CUSMA has been in force since July 2020, American products are entering our markets and dairy farmers are already experiencing severe financial impacts, but there has still been no formal announcement on compensation measures for this Agreement. Of course, many promises have been made since CUSMA was signed in 2018. Now that the Trudeau Government has been reelected, it’s time for it to take action.
Our demands are clear: the Federal Government must pay direct compensation to the farmers, define the conditions of these payments, announce the amounts for each year, and include the total allotted compensation in the next budget. The compensation must cover lost markets, as well as the additional costs of eliminating the milk ingredients class and capping exports.
Let’s remember that the agreement made with the United States and Mexico has severe economic consequences for the dairy sector. First of all, CUSMA provides for additional access of 100,000 tonnes of dairy products, the equivalent of 3.9% of the Canadian market, a volume we were in the position to fill completely through our investments in our farms. Under these quotas, products can enter Canada at any time, disrupting orderly production management. The purpose of supply management is to allow us to balance supply and demand precisely. The unpredictability of imports makes it much more difficult to forecast demand and plan production.
But that’s not all. The changes made to Canada’s dairy policy to comply with CUSMA, the capping of exports of skim milk powder, protein concentrates and infant formula, and the associated penalty, also generate significant additional costs. It’s undeniable that CUSMA has weakened the business environment by creating uncertainty and commercial limits. By accepting the cap of 35,000 tonnes for skim milk powder, the government has greatly restricted our ability to add value to solids non-fat (SNF) on the international markets. It has also forfeited part of Canada’s sovereignty by increasing the obligations of transparency and introducing consultation of the American authorities into our decision-making process. The Federal Government has created obstacles for us by amplifying our SNF surplus problem, also intensified by the consumption trends for fat-rich dairy products, such as cream and butter, and the decline in drinking milk.
Many promises of compensation have been made since CUSMA was signed in 2018. Now that the Trudeau Government has been reelected, it’s time for it to take action.
The entire industry will make efforts to address this structural challenge. The implementation last August of our new on-farm component payment policy is a good example of concrete action. The processors must also contribute by increasing their processing capacity and finding new outlets for SNF. But we can’t get there alone! Major investments are required. We need government assistance. The commitment and support of governments are necessary to ensure our sector’s vitality.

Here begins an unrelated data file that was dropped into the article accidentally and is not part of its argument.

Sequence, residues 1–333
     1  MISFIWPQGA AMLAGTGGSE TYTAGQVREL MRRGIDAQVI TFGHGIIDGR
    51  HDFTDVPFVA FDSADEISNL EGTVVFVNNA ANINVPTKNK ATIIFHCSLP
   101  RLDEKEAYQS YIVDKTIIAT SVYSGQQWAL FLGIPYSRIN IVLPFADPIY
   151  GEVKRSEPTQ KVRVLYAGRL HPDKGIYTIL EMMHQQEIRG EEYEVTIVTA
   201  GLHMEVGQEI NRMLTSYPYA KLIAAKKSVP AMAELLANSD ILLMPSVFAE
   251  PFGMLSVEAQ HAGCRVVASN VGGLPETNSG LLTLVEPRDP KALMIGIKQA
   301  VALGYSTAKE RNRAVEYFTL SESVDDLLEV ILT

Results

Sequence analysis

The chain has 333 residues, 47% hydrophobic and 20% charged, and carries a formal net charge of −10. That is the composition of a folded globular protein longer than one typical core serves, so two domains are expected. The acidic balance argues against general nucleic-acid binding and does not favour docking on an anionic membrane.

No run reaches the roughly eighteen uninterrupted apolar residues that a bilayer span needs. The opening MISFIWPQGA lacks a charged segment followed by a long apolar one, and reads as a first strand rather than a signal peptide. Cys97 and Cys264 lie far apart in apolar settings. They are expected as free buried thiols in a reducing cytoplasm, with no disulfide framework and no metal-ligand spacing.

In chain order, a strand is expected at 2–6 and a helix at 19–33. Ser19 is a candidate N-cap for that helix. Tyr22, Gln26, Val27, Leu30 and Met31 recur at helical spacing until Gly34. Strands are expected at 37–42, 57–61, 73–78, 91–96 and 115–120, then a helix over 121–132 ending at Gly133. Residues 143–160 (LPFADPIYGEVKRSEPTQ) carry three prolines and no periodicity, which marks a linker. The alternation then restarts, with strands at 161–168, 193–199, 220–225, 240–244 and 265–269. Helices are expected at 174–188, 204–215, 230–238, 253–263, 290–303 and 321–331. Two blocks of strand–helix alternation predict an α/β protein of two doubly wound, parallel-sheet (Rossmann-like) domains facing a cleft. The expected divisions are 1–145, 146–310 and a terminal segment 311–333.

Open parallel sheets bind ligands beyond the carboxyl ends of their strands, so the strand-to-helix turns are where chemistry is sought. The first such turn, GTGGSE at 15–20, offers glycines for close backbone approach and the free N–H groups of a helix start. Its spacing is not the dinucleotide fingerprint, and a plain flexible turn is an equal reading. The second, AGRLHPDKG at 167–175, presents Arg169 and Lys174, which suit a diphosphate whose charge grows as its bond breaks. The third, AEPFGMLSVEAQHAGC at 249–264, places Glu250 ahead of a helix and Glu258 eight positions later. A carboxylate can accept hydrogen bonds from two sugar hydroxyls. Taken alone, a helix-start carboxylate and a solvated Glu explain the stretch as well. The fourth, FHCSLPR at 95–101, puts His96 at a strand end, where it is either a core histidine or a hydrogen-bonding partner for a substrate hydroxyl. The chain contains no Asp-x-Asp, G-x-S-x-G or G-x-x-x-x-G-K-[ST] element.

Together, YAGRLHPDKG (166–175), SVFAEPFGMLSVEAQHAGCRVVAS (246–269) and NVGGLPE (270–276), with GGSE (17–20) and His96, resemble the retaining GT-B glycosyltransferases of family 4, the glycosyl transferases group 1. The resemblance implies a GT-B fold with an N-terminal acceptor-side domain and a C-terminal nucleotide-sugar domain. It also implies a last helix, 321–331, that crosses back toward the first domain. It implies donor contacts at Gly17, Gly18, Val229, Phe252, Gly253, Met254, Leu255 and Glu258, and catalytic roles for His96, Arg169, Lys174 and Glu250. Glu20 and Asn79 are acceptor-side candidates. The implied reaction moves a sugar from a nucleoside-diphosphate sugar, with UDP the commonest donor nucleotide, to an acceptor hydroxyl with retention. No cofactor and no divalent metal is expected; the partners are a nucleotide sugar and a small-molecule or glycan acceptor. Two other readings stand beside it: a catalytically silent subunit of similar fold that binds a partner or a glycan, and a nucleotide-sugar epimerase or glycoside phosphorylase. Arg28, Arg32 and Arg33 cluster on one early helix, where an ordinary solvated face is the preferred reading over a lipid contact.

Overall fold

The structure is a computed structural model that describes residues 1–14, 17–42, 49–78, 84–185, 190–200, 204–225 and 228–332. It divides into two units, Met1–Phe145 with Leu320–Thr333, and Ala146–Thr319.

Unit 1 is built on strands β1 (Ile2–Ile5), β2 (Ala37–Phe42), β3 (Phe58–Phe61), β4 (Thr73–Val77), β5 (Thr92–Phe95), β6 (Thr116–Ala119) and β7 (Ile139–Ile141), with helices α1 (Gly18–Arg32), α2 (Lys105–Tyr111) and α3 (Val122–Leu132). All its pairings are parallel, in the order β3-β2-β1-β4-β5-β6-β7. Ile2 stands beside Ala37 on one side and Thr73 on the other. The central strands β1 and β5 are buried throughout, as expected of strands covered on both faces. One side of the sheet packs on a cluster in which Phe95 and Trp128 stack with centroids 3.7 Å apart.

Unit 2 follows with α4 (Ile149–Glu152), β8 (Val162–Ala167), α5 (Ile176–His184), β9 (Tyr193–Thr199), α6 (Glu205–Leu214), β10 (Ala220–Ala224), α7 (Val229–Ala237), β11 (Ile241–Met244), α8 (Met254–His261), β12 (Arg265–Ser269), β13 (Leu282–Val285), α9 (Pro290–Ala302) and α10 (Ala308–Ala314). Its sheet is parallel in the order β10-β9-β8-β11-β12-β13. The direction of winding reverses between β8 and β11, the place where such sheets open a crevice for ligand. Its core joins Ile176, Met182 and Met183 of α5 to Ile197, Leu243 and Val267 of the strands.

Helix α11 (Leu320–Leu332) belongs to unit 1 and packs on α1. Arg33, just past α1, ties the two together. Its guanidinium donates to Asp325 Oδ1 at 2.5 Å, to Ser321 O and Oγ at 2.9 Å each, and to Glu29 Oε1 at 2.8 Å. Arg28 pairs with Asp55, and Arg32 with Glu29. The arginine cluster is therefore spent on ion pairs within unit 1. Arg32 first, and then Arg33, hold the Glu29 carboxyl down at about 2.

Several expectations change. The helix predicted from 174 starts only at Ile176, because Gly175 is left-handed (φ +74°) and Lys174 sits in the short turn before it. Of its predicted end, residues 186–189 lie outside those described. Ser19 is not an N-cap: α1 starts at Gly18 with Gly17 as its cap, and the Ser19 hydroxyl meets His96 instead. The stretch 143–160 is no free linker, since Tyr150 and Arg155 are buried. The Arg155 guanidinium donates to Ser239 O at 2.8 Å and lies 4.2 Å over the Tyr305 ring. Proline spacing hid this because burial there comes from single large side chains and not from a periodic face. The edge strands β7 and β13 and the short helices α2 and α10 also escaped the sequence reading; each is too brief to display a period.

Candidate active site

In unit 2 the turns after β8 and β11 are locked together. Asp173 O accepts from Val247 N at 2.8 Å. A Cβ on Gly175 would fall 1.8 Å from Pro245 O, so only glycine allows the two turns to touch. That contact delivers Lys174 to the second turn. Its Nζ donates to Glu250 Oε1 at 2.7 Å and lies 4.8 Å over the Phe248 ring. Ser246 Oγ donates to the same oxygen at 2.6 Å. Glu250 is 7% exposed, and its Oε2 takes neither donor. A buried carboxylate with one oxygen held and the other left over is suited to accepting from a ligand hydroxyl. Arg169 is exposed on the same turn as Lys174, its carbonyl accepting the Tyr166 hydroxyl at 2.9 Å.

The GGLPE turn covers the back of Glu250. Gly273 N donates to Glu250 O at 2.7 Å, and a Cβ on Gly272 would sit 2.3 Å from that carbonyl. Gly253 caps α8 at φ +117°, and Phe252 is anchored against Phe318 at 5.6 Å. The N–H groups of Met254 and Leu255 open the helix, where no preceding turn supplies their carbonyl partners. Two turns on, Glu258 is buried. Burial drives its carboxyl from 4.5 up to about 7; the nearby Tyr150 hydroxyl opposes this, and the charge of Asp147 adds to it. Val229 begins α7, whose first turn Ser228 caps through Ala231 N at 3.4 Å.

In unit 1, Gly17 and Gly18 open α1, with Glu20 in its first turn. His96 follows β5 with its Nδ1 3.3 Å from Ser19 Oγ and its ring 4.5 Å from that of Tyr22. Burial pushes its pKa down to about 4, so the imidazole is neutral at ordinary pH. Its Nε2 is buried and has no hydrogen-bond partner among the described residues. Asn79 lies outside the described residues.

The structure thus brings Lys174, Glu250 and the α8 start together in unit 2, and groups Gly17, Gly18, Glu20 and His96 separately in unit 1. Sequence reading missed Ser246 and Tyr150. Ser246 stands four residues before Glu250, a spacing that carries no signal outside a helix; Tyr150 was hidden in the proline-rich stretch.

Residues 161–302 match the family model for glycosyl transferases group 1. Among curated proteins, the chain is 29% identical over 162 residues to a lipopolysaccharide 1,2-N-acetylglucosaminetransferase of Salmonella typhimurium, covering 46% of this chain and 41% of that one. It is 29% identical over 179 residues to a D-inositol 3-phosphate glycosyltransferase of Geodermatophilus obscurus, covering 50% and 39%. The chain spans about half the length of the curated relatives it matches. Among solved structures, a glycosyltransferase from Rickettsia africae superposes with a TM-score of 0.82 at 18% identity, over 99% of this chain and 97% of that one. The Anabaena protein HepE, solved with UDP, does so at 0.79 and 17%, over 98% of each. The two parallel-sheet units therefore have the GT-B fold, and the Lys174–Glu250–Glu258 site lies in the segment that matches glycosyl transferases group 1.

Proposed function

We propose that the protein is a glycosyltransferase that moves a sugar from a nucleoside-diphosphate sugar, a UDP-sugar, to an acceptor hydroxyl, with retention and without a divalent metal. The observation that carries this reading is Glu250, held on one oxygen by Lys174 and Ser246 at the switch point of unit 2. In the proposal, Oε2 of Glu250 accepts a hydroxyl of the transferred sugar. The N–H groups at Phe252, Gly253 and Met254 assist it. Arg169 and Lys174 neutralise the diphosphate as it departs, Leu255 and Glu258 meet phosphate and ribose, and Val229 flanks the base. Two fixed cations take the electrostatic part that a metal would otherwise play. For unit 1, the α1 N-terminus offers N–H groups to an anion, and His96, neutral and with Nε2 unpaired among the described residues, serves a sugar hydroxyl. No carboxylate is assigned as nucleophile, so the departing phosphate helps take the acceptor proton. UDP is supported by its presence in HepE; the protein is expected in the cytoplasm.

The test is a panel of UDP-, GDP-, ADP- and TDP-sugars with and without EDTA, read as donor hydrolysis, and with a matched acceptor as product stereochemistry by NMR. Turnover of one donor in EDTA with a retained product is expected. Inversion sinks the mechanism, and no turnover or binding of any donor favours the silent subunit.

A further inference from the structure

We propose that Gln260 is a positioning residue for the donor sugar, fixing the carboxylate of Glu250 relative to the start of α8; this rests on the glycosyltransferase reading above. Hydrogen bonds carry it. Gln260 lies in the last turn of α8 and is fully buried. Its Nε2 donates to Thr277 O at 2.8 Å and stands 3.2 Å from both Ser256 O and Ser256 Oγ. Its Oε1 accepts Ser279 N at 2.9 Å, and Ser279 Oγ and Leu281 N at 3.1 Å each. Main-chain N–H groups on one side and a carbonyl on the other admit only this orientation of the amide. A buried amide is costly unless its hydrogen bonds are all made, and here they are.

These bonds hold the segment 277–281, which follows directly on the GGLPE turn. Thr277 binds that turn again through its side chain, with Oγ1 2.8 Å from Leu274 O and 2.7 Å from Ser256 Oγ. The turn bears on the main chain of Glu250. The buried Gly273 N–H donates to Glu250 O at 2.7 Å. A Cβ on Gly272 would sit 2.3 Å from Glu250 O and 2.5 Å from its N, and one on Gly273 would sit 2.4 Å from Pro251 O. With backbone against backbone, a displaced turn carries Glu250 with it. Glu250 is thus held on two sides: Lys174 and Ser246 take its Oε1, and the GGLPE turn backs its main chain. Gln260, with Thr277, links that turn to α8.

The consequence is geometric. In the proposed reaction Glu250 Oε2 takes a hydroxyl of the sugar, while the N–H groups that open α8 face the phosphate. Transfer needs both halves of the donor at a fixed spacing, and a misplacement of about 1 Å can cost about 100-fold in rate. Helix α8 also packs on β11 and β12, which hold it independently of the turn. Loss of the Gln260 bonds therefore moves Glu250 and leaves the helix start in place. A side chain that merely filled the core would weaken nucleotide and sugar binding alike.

This is especially true given that CUSMA’s negative impacts aren’t the only problems facing producers. There are the consequences of the COVID-19 crisis, the soaring increase in production costs, the instability of milk prices linked to declining world prices, and the other two trade agreements in force, the Canada-European Union Comprehensive Economic and Trade Agreement (CETA), and the Comprehensive and Progressive Agreement for Trans-Pacific Partnership (CPTPP), which represent $450 million in perpetual average annual losses of farm gate sales. Yes, the compensation program announced by the government for these two Agreements can absorb a portion of the losses, but it won’t restore the market growth we were in a position to fully supply.
Decisions made by the governments over the past few decades have gradually weakened our agricultural model and our production sector. The uncertainty and economic shocks we are experiencing can be attributed to a series of government decisions detrimental to dairy farmers. Our porous borders have caused serious impacts for dairy farmers, through bypassing of border controls for imports of protein concentrates, diafiltered milk and butter oil, to name only a few. So have the market accesses conceded in the WTO agreements and in the three bilateral agreements.
We need stability. We also need a government committed to protecting and maintaining supply management. The government must keep its promise to make no further concessions in any other free trade agreements. This system is effective for our businesses, for Canadian consumers and also for regional economies. Investments and compensation payments are spent locally and benefit our economy and our food autonomy. It should be kept in mind that the dairy industry provides thousands of jobs and millions of dollars in economic spin-offs. The Federal Government has sacrificed our industry too often in recent years. It is now time for it to move from talk to action by giving us the tools we need to ensure our sustainability.
Daniel Gobeil, président
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